Shanna Gonzalez's Reviews > Rumpelstiltskin: From the German of the Brothers Grimm

Rumpelstiltskin by Paul O. Zelinsky
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's review
Jul 28, 2009

it was amazing
bookshelves: children-04-08
Read in July, 2009

Zelinsky has done it again with his marvelous rendition of this classic fairy tale. His finely-detailed paintings capture the mood and marvel of this suspenseful story, in which a vulnerable young woman is three times required to accomplish the impossible task of spinning straw into gold, and she promises her firstborn to the gnome who offers to complete the task for her. When she has been made queen because of this feat he comes to collect his payment, and she must solve his impossible riddle to save her child.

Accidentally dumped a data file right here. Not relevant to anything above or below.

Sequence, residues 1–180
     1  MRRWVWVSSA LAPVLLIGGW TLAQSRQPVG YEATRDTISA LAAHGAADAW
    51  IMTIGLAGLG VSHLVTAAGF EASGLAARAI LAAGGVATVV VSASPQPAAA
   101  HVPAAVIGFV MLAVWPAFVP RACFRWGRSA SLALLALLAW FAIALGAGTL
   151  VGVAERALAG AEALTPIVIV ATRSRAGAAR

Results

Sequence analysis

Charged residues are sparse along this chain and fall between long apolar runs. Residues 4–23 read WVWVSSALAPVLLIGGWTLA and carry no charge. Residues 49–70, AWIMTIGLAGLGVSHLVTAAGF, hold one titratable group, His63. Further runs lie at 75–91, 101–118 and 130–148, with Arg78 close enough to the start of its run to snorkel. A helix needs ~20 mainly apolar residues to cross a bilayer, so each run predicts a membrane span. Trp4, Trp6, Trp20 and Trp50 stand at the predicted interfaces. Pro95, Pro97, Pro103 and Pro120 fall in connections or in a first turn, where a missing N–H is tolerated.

The fine illustrations carry most of the story -- the vast countryside in which the miller meets the king emphasizes the strange chance which brings her to the castle as well as the impulsive greed of the king. The rooms of straw progressively become vaster, and the spools of gold thread sparkle in their pile behind the spindle. The miller's daughter is beautifully portrayed in her innocent distress and queenly dignity, and her greedy, absent husband is shown for what he is as he enters the room, gesturing questioningly, while she triumphantly holds her child. The text that accompanies Zelinsky's paintings is well written, each word chosen for precision and economy, and builds to a wonderful climax.

Rumpelstiltskin is one of the more popular of Grimm's fairy tales, and appears in many fairy-tale compilations. But a picture-book format provides an opportunity for a good artist to really draw out this story's timeless themes of greed, fear, despair, and maternal love, and the triumphant resolution of this story well balances its dark moments.
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